posted on Mar, 24 2019 @ 12:58 PM
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originally posted by: ArMaP

I'm just trying to make you understand that a match Betty's map and a map we have does not mean our map is the same as the ET's map, and one possible difference is declination.

Unfortunately, you appear more worried with trying to prove you are right than with the truth.


If ET lives in this Galaxy, then his star maps will necessarily be the very same stars we see. There is no logical way for you to argue that "somehow", I guess by magic, that ET maps are different than ours. IF they were ET would NOT be able to navigate interstellar space, and would be bound to his home world.

I don't know how to explain this to you ArMap, perhaps you should go ask an Astronomer if the people of Zeta Reticuli have different stars than we do.

Ya know, you can beat this horse to death, but it will not change anything. Betty's map is a f*ing match to stars in local space. And, ArMaP, that is all the question ever was; "Is Betty's map a match to stars in local space." Yet, somehow you fail to understand that, and keep insisting that ET has different maps than we do, when it more improbable that Betty's map matching anything...including a good copy.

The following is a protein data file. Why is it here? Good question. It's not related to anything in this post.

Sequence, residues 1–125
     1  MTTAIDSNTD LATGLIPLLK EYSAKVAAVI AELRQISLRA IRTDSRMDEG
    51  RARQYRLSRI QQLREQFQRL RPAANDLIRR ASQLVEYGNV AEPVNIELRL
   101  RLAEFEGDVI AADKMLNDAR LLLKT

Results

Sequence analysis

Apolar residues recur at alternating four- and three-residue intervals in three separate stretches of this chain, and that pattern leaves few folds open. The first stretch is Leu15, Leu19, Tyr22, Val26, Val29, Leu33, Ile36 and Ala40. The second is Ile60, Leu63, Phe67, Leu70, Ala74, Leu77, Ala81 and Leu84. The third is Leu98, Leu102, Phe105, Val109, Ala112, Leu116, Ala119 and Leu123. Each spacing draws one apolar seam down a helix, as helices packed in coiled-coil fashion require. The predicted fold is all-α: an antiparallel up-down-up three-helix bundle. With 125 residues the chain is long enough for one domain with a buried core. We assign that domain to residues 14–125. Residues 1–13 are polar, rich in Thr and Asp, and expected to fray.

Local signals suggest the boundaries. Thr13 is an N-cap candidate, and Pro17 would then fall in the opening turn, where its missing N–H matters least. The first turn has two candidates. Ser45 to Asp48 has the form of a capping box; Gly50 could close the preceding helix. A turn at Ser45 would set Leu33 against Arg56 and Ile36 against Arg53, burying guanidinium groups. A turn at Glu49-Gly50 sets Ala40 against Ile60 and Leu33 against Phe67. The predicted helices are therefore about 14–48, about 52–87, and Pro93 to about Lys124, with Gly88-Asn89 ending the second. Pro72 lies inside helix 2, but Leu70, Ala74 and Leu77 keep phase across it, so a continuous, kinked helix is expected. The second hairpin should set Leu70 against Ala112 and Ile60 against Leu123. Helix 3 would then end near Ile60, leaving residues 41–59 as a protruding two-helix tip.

So, anyway, we're done. You have no point to make, and I have better things to do, other than try to explain how wrong you are. If you truly don't understand the Astronomy, and Astrophysics here; please, go ask an Astrophysicist.



How is that "pitch" or "roll" when we are talking about a planet's rotational axis?


Actually, ArMap, those are the three degrees of freedom One experiences in 3D space. Has little to do with Axial Tilt.





edit on 24-3-2019 by james1947 because: (no reason given)



posted on Mar, 24 2019 @ 01:19 PM
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One other possible explanation is telepathy. Unfortunately, we know almost as little about that as we know about extraterrestrial civilisations.


Isnt telepathy akin to saying magical fairies told Betty what to draw? Do you really consider telepathy a possibility for the origin of Betty's Map(assuming it does show a unique exploration route)

*** If *** the map is genuine, then I stand by the claim she must have gotten it from aliens. If you cant accept that, then the thread truly doesnt matter.